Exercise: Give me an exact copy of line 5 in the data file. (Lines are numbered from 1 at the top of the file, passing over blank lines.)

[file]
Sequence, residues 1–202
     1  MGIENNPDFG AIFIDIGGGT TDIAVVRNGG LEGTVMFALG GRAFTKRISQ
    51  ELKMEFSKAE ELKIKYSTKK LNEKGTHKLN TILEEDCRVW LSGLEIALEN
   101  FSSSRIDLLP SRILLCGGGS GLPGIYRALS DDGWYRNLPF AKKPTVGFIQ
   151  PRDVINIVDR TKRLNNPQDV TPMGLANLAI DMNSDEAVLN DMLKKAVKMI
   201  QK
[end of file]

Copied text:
   151  PRDVINIVDR TKRLNNPQDV TPMGLANLAI DMNSDEAVLN DMLKKAVKMI